In response to the tragic accident that occurred yesterday aboard the Stena Clyde rig in which two workers lost their lives, Australian unions are calling for Occupational Health and Safety (OHS) Laws to be extended to the offshore industry.
The Australian Council of Trade Unions has issued a media release in which it says that the deaths of two workers on a drilling rig off the Victorian coast yesterday is a tragic reminder of the dangers of the industry, leading unions to renew calls for offshore petroleum workers to be given the same workplace health and safety rights and protections those on dry land.
While investigations are continuing into the circumstances of the deaths, ACTU Assistant Secretary Michael Borowick said it was not appropriate for the offshore petroleum industry to have a different health and safety regime than the rest of the workforce.
“We need to get to the bottom of this tragedy, but unfortunately, unions have been warning for some time that the offshore petroleum industry is an accident waiting to happen,” Borowick said.
He added: “The harmonised OHS laws should be extended to the offshore petroleum industry, so that workers in the industry can have the same standard of training and regulation as other workers. Occupational health and safety representatives in the offshore industry do not have the same rights to OHS training or access to OHS experts as on-shore representatives. The offshore regulator, the National Offshore Petroleum Safety and Environmental Management Authority (NOPSEMA), has taken a completely hands-off approach to policing its patch, putting workers at risk every day on the job.”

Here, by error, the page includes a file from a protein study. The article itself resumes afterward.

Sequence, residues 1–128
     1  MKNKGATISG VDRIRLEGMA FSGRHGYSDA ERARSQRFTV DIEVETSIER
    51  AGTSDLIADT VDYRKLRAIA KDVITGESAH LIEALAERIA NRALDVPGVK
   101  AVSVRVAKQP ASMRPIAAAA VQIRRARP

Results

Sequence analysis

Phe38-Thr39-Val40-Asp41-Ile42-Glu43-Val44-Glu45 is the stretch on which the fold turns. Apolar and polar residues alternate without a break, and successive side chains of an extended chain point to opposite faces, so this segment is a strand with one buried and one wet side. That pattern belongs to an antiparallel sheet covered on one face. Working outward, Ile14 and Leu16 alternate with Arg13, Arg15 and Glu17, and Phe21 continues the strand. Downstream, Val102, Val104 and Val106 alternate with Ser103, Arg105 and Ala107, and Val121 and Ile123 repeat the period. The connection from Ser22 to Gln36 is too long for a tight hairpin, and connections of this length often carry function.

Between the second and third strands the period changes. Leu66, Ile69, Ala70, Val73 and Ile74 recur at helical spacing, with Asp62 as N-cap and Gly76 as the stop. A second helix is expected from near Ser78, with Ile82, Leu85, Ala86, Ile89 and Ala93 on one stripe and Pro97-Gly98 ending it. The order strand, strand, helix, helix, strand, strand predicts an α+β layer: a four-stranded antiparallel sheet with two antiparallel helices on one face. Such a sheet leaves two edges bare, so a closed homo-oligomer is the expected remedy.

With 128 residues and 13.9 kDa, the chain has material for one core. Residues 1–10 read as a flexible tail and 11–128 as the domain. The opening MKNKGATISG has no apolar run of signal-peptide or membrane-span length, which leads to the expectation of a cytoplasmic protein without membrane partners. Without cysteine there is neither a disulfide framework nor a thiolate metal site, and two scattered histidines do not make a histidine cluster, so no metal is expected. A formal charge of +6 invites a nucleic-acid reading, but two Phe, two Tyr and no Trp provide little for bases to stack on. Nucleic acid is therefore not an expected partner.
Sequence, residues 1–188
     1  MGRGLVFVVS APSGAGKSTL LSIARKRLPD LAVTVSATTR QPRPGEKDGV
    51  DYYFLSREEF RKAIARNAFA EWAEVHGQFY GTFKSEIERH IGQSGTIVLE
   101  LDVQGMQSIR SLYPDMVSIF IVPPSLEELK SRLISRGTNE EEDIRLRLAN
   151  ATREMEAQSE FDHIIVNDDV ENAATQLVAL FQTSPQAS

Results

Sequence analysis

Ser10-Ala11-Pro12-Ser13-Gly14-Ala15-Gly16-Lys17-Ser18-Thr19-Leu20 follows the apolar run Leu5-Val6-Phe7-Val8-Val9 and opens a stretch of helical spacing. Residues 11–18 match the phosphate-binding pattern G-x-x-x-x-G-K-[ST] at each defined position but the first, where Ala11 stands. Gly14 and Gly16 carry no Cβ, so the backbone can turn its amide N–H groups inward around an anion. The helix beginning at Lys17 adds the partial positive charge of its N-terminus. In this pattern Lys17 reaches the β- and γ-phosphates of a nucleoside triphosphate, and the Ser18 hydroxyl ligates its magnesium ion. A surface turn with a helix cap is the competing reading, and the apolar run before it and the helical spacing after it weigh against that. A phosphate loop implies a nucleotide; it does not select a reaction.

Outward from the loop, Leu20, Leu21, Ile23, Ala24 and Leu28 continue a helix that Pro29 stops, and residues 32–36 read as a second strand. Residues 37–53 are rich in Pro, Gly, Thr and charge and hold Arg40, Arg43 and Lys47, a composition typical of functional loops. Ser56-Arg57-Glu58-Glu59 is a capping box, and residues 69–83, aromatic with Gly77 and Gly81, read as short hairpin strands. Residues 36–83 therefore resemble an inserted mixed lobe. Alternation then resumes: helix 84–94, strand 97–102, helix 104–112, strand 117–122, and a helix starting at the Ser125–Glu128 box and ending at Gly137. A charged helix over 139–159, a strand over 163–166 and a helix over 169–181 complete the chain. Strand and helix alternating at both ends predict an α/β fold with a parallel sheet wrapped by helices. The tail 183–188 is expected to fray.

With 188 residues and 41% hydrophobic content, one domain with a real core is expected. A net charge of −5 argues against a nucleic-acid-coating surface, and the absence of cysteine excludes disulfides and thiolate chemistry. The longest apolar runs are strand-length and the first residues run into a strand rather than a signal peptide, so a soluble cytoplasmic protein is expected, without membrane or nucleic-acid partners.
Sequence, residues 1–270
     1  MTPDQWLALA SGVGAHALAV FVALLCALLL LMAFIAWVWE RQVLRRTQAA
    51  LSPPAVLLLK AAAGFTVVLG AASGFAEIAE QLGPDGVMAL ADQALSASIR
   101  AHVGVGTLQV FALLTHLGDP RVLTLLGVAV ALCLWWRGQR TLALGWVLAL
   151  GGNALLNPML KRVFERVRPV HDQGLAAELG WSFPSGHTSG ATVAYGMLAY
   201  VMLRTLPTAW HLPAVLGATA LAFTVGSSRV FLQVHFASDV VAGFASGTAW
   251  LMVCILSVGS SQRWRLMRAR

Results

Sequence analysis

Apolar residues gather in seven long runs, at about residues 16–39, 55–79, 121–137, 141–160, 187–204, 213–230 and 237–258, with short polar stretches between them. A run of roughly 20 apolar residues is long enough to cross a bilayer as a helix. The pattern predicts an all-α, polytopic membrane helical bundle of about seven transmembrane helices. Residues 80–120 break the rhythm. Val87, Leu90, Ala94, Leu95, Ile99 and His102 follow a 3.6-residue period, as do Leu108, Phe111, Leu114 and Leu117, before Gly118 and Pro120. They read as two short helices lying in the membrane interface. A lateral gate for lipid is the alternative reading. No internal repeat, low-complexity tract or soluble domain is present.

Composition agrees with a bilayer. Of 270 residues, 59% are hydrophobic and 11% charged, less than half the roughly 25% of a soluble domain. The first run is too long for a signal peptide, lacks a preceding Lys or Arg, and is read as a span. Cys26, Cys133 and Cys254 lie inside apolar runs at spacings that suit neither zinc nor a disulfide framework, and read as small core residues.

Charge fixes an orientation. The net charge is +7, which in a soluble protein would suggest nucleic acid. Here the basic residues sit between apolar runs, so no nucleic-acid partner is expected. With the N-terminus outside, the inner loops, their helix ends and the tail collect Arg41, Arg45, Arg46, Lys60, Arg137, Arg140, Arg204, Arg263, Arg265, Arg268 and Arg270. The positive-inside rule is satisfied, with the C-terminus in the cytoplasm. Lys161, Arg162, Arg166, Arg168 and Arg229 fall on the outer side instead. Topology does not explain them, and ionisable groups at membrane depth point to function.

“Until the new OHS laws are extended to the offshore industry, workers and their families cannot be confident they are protected as well as they could and should be. The lack of inclusion of offshore workers in these laws, combined with the hands-off approach of NOPSEMA, frustrates the involvement of workers and their unions in improving health and safety in a very dangerous industry. We cannot fathom why the Federal Government has one set of laws for workers on dry land, and a cavalier attitude and different laws in the dangerous offshore industry,” Borowick concluded.
Stena Drilling, the owner and the operator of the rig on which the accident happened, today announced that an Investigation Team has been assembled and has been mobilised to the Stena Clyde to establish a cause of the incident.
Press Release, August 28, 2012